I started donating blood in 1979 as a student at George Mason University. I was walking by the student union building and saw a Red Cross bloodmobile. I had a few hours before my next class so I decided to roll up my sleeve and do some good for someone I’ll never meet. I wasn’t afraid of needles, found that giving a pint of blood didn’t make me overly dizzy or tired, and I liked the karma bump.
In the 31 years since I’ve donated blood, or plasma, or platelets, pretty consistently. I’ve had some good experiences and met some fun people.
- In about 1982 I was at Dulles Airport and my flight was delayed. I saw that there was a bloodmobile at the fire station next door and I decided to fill the time by giving a pint. It went well with one small exception. It was a cold day with the temperature in the low 20s. They had moved the fire trucks out of the station and moved the gurneys in; unfortunately when the fire alarm goes off, it automatically raises the garage doors. We were there, lying on the gurneys, needles in our arms, when the doors opened and the cold air blasted in. Amazing how fast blood stops flowing when it’s that cold; also amazing that nobody there knew how to close the garage doors. It was a frigid 5 minutes or so.
- When I lived in Boston there was a bloodmobile at the Boston Children’s Museum. In an interesting twist, they had a unique giveaway. If you gave a pint of blood you got a free pass to visit the museum, but you also got a coupon for a free pint of ice cream at any Brigham’s Ice Cream Store. It was called “Give a pint, get a pint.” I did.
- As a seminarian I gave blood at a bloodmobile at the Washington Theological Union. The Red Cross folk knew we were all studying to be Catholic priests, and the questions they had to ask about our sexual histories were hilarious for us and deeply embarrassing for them the ask. I loved every minute of it.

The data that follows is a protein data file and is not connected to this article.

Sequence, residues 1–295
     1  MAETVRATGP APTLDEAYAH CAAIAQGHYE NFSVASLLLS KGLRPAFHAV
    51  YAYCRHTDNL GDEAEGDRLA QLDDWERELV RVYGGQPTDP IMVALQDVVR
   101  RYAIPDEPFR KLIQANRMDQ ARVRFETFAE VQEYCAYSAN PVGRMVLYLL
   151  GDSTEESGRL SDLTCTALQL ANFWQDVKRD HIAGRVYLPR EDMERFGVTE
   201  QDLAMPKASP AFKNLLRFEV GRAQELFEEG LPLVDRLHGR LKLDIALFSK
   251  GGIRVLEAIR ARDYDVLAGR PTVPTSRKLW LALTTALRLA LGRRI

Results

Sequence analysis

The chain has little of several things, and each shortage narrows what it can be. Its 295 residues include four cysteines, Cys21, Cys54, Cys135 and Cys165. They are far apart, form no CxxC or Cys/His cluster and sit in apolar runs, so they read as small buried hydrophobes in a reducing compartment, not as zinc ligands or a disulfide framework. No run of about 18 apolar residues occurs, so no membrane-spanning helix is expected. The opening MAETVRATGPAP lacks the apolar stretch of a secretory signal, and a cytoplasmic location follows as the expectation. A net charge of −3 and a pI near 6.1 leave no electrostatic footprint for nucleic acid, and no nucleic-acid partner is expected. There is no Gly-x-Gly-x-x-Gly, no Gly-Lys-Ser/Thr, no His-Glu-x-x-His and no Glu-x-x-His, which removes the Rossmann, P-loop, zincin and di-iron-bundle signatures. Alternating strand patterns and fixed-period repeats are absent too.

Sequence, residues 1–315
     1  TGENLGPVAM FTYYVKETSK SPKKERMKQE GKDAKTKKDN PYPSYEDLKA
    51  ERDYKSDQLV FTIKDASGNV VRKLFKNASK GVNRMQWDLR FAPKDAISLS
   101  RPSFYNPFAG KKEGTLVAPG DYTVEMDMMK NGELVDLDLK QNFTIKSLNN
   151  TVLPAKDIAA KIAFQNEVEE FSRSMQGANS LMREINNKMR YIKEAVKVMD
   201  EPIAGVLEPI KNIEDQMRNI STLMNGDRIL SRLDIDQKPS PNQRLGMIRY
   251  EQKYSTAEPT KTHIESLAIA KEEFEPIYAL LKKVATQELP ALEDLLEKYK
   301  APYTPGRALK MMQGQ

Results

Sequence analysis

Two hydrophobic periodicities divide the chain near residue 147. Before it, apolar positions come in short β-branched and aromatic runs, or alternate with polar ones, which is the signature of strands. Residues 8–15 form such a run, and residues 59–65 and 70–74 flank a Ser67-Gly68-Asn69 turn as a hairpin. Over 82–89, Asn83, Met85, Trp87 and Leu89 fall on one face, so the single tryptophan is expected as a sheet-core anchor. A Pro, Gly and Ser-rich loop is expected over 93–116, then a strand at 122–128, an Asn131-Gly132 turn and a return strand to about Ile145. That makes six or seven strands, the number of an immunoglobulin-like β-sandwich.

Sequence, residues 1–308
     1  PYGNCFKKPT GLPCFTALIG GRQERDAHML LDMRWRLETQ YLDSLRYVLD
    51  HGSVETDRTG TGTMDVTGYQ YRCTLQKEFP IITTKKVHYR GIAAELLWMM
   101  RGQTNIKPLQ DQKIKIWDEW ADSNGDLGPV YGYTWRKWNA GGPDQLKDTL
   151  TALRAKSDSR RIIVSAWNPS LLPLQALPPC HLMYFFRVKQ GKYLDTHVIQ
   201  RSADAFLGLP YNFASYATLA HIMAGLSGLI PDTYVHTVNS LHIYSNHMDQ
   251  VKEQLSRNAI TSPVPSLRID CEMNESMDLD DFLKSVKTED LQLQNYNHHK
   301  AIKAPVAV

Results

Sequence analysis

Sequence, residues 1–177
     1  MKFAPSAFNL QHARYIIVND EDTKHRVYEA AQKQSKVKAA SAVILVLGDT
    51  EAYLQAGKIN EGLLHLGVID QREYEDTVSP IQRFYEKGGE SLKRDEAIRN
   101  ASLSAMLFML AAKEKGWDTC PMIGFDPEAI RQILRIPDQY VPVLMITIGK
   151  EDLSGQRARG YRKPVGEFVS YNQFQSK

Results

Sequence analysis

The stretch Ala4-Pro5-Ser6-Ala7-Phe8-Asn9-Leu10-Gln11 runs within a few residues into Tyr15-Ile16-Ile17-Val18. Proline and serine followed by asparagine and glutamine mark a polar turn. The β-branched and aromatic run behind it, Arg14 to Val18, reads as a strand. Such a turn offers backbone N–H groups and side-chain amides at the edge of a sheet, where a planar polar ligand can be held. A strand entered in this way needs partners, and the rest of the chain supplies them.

- In my brief time at St. Patrick’s Church in Memphis, Tennessee in 1994 I connected with St. Jude’s Children’s Hospital. When they found out I would be a regular donor they suggested that I switch from donating whole blood to donating platelets. It was more invasive in that (at the time) they needed to put needles in both arms. The blood was drawn out of one arm, the platelets were spun out, and the blood was replaced in the other. It took two hours and they would set me up with a movie in the VCR. The technology is much improved now; they can draw and return the blood with the same needle and it takes less than an hour. I donated platelets until 2006 when my veins made it harder for the return cycle. I’m now back to donating whole blood. I guess all the donations have built up so much scar tissue on my veins that they aren’t as sturdy as they used to be.
From 1979 to 1995 I donated blood in several different locations for several different organizations. I have no idea how much blood I gave during that time. In 1995 I moved to San Diego and connected with the San Diego Blood Bank. As of this past Tuesday, I have now given them 20 gallons of blood. That’s almost an entire gas tank for a large SUV. Pretty amazing.
As I look back, I feel very, very blessed. I know many people who would be happy to give, but can’t (Nancy included). I’m grateful that I can. I’ve never known where my blood has gone and that has been a gift in itself. It’s given me the opportunity to imagine that I’ve saved lives.
The medieval Jewish philosopher Moses Maimonmides (1120-1190) wrote about what he calls the “ladder of tzedakah.” Tzedakah is often translated as “charity” but is probably better understood as “justice.” The lowest form of tzedakah is to give unwillingly (e.g. being guilted into it). The 2nd highest form is to give anonymously to an unknown recepient and the highest form is to give to someone before he is in need of it. I like to think of blood donations as the 2nd highest form. Over the years I’ve given to people I’ll never meet who will never be able to repay me. I like that.
There are many who can give blood who don’t. If you are one of those, give some thought to sharing in the joy I have experienced in the last 31 years and (more than) 20 gallons.
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